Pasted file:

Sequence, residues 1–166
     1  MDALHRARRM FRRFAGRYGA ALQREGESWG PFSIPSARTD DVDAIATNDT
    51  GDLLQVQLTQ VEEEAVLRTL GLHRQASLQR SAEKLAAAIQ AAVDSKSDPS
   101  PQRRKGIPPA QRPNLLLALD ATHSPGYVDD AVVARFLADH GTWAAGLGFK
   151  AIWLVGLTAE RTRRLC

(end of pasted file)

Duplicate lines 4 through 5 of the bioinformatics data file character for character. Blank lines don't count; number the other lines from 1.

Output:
   101  PQRRKGIPPA QRPNLLLALD ATHSPGYVDD AVVARFLADH GTWAAGLGFK
   151  AIWLVGLTAE RTRRLC